• The Fox Talbot Museum, Lacock, was opened in 1975 to show and interpret objects relating to William Henry Fox Talbot, his life and the development of photography,  and to exhibit photography.  In recent years the museum has broadened its remit to contextualise Talbot within a broader history of photography and the acquisition of the Fenton Collection in 2016 has allowed it to show a history from the 1830s to the 1990s.
    • Adjacent is the Grade 1 listed Lacock Abbey, Talbot's home, where many of his experiments were undertaken and the location of many of his early photographs. It is the birthplace of negative-positive photography. The house and the surrounding village of Lacock were given to the National Trust in 1944.
    • E. Chambré Hardman House, Liverpool. Opened by Burrelll and Hardman in 1923 the company remained in business until c1965/6. The building and negatives were acquired by a charitable trust and later transferred to the National Trust. 
    • in addition, many of the National Trust's other properties contain significant smaller groups of photographs. 

UPDATES >>

This piece by Grosvenor is worth reading and does not bode well for Lacock Abbey https://www.arthistorynews.com/articles/5685_Inside_the_National_Tr... In the absence of anything from the National Trust one fears the worst. 

See also: https://www.museumsassociation.org/museums-journal/news/2020/08/nat...

See also: https://www.theartnewspaper.com/comment/national-trust-restructurin...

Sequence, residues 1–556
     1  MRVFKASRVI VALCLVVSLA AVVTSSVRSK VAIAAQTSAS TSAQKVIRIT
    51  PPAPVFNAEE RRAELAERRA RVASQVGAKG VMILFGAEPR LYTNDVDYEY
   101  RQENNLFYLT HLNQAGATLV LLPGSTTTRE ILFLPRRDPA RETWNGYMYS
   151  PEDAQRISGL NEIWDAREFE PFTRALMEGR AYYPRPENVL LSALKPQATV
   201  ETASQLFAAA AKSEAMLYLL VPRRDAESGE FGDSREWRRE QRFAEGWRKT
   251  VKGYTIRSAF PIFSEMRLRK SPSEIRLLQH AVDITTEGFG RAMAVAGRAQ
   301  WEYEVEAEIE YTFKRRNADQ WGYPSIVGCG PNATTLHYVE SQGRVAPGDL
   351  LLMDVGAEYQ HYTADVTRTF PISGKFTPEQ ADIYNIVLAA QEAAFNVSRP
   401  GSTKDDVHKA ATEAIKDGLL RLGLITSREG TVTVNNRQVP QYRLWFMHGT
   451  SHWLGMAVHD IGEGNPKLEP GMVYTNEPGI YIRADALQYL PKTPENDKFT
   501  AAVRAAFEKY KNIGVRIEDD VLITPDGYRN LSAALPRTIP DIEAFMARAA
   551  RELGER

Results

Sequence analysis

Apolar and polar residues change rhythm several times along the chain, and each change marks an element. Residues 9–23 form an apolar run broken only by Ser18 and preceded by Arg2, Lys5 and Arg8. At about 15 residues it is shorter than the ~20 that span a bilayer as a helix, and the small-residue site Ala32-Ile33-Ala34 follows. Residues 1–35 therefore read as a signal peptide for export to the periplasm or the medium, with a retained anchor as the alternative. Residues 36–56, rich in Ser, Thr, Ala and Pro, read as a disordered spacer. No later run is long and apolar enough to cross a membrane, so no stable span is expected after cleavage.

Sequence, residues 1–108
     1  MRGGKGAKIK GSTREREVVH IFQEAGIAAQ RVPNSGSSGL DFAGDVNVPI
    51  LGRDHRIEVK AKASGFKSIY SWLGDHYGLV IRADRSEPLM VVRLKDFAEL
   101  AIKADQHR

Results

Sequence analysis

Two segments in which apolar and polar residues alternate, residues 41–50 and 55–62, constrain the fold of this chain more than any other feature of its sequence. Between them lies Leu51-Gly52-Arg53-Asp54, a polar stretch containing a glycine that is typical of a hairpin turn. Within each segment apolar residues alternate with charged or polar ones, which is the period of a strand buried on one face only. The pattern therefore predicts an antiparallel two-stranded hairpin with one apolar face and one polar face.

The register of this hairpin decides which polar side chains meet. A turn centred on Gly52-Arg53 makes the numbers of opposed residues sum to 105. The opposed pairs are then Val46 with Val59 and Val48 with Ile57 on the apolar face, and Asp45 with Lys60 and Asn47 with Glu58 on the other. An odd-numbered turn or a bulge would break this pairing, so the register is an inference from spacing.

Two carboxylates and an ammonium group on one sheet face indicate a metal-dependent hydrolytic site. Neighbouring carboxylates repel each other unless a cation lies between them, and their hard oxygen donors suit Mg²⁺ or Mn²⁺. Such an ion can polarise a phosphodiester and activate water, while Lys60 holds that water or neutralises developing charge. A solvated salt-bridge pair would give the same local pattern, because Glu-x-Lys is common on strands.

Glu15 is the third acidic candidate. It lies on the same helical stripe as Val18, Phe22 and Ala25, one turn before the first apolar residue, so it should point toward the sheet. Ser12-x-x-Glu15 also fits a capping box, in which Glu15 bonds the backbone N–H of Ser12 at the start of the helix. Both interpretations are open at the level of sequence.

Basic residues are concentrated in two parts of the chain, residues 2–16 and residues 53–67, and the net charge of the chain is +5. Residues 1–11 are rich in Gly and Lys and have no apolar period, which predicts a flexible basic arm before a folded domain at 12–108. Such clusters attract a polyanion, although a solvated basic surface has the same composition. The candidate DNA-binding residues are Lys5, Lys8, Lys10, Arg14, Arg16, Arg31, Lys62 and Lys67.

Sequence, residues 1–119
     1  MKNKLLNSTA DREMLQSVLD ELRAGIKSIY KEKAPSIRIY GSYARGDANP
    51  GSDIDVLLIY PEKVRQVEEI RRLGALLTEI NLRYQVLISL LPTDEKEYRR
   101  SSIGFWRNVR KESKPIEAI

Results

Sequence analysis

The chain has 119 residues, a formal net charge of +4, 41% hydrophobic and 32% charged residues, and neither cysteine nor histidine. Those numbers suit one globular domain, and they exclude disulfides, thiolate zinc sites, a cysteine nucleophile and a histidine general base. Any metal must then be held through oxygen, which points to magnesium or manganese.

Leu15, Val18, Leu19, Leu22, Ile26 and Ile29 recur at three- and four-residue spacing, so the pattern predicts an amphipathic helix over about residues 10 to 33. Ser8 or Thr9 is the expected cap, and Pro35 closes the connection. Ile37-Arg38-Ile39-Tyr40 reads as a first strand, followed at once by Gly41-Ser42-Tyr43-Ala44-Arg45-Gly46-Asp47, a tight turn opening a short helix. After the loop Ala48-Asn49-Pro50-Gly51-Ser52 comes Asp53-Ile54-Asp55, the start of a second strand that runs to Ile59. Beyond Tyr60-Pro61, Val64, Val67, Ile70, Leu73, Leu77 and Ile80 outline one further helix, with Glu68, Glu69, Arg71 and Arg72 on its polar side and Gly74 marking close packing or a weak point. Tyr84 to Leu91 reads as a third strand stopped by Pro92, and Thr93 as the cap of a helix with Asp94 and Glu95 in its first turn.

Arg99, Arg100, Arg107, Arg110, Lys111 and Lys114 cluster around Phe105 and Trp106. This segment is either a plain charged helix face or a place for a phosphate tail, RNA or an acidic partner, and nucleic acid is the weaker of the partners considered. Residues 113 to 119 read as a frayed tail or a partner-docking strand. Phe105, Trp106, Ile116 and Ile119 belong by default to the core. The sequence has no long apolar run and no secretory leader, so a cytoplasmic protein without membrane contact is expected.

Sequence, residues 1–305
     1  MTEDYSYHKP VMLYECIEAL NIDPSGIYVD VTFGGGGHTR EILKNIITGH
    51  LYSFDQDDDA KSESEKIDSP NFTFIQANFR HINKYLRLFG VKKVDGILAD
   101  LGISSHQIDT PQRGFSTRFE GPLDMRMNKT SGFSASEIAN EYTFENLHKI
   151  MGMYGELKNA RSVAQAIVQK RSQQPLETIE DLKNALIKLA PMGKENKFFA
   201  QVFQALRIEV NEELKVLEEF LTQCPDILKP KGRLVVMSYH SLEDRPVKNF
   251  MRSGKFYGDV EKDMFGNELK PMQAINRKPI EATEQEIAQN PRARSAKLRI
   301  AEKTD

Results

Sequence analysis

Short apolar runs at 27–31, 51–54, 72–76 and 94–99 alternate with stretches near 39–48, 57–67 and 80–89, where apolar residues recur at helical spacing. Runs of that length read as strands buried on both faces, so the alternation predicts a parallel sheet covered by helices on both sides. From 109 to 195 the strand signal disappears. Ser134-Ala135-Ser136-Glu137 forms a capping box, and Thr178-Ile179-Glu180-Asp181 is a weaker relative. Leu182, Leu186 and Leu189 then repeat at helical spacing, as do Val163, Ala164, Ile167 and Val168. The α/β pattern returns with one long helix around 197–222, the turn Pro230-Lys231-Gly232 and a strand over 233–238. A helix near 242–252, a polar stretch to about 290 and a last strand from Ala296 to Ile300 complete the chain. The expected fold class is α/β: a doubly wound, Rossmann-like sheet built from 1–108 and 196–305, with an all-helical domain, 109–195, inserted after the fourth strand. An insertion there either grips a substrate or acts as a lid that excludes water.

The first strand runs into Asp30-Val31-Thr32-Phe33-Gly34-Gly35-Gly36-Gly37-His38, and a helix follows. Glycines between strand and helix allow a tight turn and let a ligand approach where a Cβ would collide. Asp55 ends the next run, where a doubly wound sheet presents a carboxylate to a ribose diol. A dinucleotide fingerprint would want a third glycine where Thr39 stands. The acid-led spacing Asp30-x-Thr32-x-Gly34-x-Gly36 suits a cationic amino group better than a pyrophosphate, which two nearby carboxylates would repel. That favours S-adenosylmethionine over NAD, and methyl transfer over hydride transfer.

Images: © Michael Pritchard. Top: the entrance to the Fox Talbot Museum; lower: entrance to Hardman House.

Note: none of the individuals mentioned above have spoken to BPH in connection with this blog piece.   

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Comment by Gilly Read FRPS on August 24, 2020 at 10:31

This is appalling and depressing news. Our photographic collections are so important and need to be preserved and seen by the public. We have so much expertise available which is lost when curators are no longer employed. It is also good to have collections in different venues, not just centralised.

I saw the Hardman House in Liverpool pre the National Trust take over, they still have a strong band of volunteers who are very enthusiastic. Groups like this may help to preserve historic collections or buildings, I do hope so, but they do not have the expertise required of curators and we cannot rely on them for the conservation of our national collections. 

Comment by Wilson Laidlaw on August 24, 2020 at 8:39

I regret that the proposed moves are symptomatic of the views of many museums and cultural heritage organisations, that they are very inward looking and over-protective of any outsider viewing or researching any of their stored items. They seem to lose sight of their original purpose, which was to protect and maintain history for the benefit of the public not themselves or their circle. If items are stored away long term, they will inevitably deteriorate, on the out of sight; out of mind basis and are of no benefit to the public. If the National Trust are not prepared to display their photographic collection, then perhaps it should be taken away from them and given to a another body who will conserve, restore and display this collection.